Compile and run the code, it will create permission for “Namex Tweet for Demo” to be linked with your Twitter account. Just open the “Authorization URL” shown at the screen and input the PIN shown by the website. Your application will send back the pin to Twitter, if it’s match your account will be linked with this new application and you can see you just posted a new status using “Namex Tweet for Demo “. Congratulation!

Notes: Authorization URL and PIN will generated differently each time it’s run.

auth url

auth pin

update tweet

In here you can see, we input no username and password of Twitter account but we can use our account within application. Yeah it’s possible because of OAuth . It “transformed” password-input-process to sending-receive-token. So dont worry, Third-party Twitter client application cant read and store no password of your Twitter account. In simple, it’s safer and prevent password thieving.

Now we still have a tiny problem, at this point, your program still need to open Twitter’s website and input pin back to the application. So, maybe you are asking on the cloud, do i need this annoying authorization on the future ? well, gladly the answer is NO. At the time your app being authorized by Twitter, you have no use to re-authorize it again — with a simple note you have to save the Access Token and Secret Access Token . What the hell is that, how could i get that. Well, you have it already, see the image below, i put it in a big red rectangle so it will be more eye-catchy. In here, our token is and our secret token is. These 2 tokens have to be saved somewhere, you can choose your own method to save it: Persistence, CSV, DBMS, etc. It’s all up to you.

access token

So, i saved the tokens! How do i reuse it? It’s simple, see below code. It’s how to use your tokens, so you wont have the re-authorization process again. Try to post and read your timeline now.

package com.namex.tweet;


import twitter4j.ResponseList;
import twitter4j.Status;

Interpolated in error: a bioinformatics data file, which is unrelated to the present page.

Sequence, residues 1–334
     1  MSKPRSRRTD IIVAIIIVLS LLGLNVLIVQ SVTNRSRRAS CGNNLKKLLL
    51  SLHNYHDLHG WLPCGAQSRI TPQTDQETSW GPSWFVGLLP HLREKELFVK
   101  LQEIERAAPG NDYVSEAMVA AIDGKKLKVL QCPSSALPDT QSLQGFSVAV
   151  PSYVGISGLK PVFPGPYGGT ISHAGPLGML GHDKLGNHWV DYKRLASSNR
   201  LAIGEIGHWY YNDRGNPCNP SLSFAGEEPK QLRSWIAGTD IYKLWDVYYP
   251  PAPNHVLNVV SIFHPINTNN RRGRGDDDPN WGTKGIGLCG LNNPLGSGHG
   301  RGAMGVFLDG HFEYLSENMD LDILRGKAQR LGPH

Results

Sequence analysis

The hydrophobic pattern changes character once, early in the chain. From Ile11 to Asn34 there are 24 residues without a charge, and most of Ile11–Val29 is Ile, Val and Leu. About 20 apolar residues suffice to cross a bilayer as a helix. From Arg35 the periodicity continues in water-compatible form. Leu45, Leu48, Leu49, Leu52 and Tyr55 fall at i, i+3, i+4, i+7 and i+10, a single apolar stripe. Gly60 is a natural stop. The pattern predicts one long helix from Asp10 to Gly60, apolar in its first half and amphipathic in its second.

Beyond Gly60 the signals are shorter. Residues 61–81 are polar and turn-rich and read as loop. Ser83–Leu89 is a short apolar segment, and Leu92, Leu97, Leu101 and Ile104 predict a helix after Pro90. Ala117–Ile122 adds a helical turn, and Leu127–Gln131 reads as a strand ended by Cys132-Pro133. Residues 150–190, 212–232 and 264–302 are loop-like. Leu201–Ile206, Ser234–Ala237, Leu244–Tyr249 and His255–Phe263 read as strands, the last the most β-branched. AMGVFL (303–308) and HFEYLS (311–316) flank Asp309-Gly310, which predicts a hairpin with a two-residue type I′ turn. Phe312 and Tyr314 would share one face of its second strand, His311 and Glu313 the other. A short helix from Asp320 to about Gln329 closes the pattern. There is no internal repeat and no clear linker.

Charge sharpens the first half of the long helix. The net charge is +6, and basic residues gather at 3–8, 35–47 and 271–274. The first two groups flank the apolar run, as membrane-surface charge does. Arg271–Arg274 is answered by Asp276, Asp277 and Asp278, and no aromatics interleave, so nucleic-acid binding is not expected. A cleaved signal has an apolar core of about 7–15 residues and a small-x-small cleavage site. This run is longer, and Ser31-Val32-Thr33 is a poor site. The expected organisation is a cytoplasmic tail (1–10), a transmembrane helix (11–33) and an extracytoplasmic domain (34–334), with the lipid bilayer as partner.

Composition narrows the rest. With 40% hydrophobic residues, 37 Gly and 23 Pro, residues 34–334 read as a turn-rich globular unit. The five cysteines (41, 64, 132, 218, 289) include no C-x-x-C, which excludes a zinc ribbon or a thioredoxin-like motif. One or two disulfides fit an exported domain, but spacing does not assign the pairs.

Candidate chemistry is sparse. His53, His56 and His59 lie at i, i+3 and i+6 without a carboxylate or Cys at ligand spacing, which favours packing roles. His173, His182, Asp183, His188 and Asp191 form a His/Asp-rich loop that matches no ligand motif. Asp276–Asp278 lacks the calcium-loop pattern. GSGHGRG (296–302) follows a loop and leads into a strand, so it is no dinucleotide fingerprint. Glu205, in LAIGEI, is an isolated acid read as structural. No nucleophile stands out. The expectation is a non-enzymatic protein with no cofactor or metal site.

import twitter4j.Twitter;
import twitter4j.TwitterException;
import twitter4j.TwitterFactory;
import twitter4j.auth.AccessToken;

public class NamexTweet {
    private final static String CONSUMER_KEY = "DXjHgk9BHPmekJ2r7OnDg";
    private final static String CONSUMER_KEY_SECRET = "u36Xuak99M9tf9Jfms8syFjf1k2LLH9XKJTrAbftE0";

    public void start() throws TwitterException, IOException {

	Twitter twitter = new TwitterFactory().getInstance();

	// here's the difference
	String accessToken = getSavedAccessToken();
	String accessTokenSecret = getSavedAccessTokenSecret();
	AccessToken oathAccessToken = new AccessToken(accessToken,

	// end of difference

	twitter.updateStatus("Hi, im updating status again from Namex Tweet for Demo");

	System.out.println("\nMy Timeline:");

	// I'm reading your timeline
	ResponseList list = twitter.getHomeTimeline();
	for (Status each : list) {

	    System.out.println("Sent by: @" + each.getUser().getScreenName()
		    + " - " + each.getUser().getName() + "\n" + each.getText()
		    + "\n");


    private String getSavedAccessTokenSecret() {
	// consider this is method to get your previously saved Access Token
	// Secret
	return "oC8tImRFL6i8TuRkTEaIcWsF8oY4SL5iTGNkG9O0Q";

    private String getSavedAccessToken() {
	// consider this is method to get your previously saved Access Token
	return "102333999-M4W1Jtp8y8QY8RH7OxGWbM5Len5xOeeTUuG7QfcY";

    public static void main(String[] args) throws Exception {
	new NamexTweet().start();


post again


Now our simple Twitter application has been -could be- done, we can read and post to Twitter. Of course, many things still on the task list if you want to make it professionally and -perhaps- sell it. A nice UI, reading and sending Direct Message, Searching Users, Follow and Unfollow. I put these jobs on your shoulder, cause i just want to share it’s easy to make a Twitter client and i hope this short tutorial can help you in developing Twitter client using Java.

Happy Code All !

Categories: Java, Miscellaneous Tags: , ,